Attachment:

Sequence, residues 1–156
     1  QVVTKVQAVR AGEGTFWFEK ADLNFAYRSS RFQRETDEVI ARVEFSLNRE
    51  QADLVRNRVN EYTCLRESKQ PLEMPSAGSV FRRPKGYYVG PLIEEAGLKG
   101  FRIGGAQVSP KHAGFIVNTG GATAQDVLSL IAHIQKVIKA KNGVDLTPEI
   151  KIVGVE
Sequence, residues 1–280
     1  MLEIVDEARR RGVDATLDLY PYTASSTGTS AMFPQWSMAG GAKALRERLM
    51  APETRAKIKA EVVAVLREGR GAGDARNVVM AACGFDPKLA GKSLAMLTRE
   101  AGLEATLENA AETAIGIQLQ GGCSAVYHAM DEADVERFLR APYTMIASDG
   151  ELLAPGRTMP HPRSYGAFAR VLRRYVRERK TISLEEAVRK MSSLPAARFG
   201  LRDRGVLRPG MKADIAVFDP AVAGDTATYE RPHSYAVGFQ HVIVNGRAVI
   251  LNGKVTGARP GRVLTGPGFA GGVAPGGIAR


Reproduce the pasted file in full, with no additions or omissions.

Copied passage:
Sequence, residues 1–156
     1  QVVTKVQAVR AGEGTFWFEK ADLNFAYRSS RFQRETDEVI ARVEFSLNRE
    51  QADLVRNRVN EYTCLRESKQ PLEMPSAGSV FRRPKGYYVG PLIEEAGLKG
   101  FRIGGAQVSP KHAGFIVNTG GATAQDVLSL IAHIQKVIKA KNGVDLTPEI
   151  KIVGVE
Sequence, residues 1–280
     1  MLEIVDEARR RGVDATLDLY PYTASSTGTS AMFPQWSMAG GAKALRERLM
    51  APETRAKIKA EVVAVLREGR GAGDARNVVM AACGFDPKLA GKSLAMLTRE
   101  AGLEATLENA AETAIGIQLQ GGCSAVYHAM DEADVERFLR APYTMIASDG
   151  ELLAPGRTMP HPRSYGAFAR VLRRYVRERK TISLEEAVRK MSSLPAARFG
   201  LRDRGVLRPG MKADIAVFDP AVAGDTATYE RPHSYAVGFQ HVIVNGRAVI
   251  LNGKVTGARP GRVLTGPGFA GGVAPGGIAR